A few themes have bubbled up in the last few days in my blog posts: political frustration and trying to escape all of it. It’s difficult to try and distance yourself. (I honestly don’t understand how people can not know who is still in and who isn’t in the presidential race.) I still look at Facebook way too much and post a vaguely political article or reference, but I don’t even want to do that anymore. It just raises my blood pressure way too much and I don’t even have fun discussing it.
I wonder why we’re so angry about everything. I strolled through Barnes & Noble during my lunch hour. A lot of the titles in the “Current Events” section got me exhausted just reading them. (I really don’t want to google them for fear of the cookies following my online browsing.) They were all talking about how awful things were and how the rapture was upon us due to the election of Barack Obama as president. I’m sure there were a number of angry liberal books, but the market for angry political books is SO much hotter than angry Democratic stuff right now. (That could change if we get President Trump or Cruz.)
But why are we so angry? Things are pretty good right now for most of us. The stock market, despite some recent fluctuations, is breaking records, the housing market is back on it’s feet, and despite media outbursts, crime is still low.
I’m not naive. I know bad things are happening. I know ISIS is dangerous and we’re doing nothing about global warming, but can we ever be happy as a country again? It feels like if you’re happy with the way things are going you’re either completely out of touch with the system or naive. It feels like it’s impossible to objectively look at things and say, “Yeah, things are going pretty well.”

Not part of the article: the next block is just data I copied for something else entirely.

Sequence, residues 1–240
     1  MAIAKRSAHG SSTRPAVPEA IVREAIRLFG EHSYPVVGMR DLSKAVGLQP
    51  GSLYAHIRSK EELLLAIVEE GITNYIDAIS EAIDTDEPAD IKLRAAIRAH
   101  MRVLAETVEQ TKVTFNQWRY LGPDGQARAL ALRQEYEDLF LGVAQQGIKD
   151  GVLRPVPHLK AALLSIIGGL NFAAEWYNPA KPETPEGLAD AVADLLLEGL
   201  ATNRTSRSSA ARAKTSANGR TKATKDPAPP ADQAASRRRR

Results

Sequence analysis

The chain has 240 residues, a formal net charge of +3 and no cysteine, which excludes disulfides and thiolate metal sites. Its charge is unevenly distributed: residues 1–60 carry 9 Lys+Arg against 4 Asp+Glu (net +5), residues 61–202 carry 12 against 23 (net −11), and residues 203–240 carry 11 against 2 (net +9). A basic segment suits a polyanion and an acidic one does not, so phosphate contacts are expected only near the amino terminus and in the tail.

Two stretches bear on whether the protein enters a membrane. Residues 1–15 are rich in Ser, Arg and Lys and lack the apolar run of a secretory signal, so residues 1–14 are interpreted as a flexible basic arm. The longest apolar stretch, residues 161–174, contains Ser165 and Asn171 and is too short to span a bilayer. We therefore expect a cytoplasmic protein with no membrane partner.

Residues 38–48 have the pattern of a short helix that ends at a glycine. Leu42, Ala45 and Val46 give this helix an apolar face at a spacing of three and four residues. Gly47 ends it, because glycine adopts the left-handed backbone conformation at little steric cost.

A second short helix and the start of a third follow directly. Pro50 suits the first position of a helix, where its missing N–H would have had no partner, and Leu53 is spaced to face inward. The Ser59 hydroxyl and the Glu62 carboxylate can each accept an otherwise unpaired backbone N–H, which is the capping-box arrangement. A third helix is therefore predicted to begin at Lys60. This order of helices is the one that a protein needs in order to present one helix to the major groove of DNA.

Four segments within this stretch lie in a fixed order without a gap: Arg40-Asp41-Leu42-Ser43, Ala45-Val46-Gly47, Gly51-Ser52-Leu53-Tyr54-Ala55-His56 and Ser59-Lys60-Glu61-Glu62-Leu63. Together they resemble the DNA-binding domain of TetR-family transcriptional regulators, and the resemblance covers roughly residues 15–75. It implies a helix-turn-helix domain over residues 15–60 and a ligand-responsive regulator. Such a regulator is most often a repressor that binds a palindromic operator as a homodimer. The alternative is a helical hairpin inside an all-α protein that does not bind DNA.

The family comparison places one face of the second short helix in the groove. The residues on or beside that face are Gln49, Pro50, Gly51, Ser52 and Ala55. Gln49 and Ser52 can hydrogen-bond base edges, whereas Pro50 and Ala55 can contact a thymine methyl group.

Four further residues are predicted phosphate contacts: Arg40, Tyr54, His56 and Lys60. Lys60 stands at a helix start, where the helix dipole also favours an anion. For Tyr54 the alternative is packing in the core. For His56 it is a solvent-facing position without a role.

I’m glad to say that things are going well for me. I’m the happiest I’ve been in a while. It’s nice to have money in my checking account, friends who I care about, and interests and passions that sustain me. Shouldn’t that be enough? Does our happiness have to revolve around what greater events are happening in our country? I don’t think it should.
Of course, books and papers don’t sell if we pretend everything is rosy. But I think we can find that happiness and optimism in our media diets if we look at it a little sideways. I went through the “Staff Recommends” section and found a book called “Lost in Translation.” It was an illustrated book that showed words from different languages that don’t have a direct translation in English.
One of those words was Fika. A Swedish word that roughly means to sit down and have coffee and a heart to heart conversation with a friend. That’s one of my favorite things to do. I think I’m going to go back and purchase that book.
More fika, less fear. Let’s make that happen.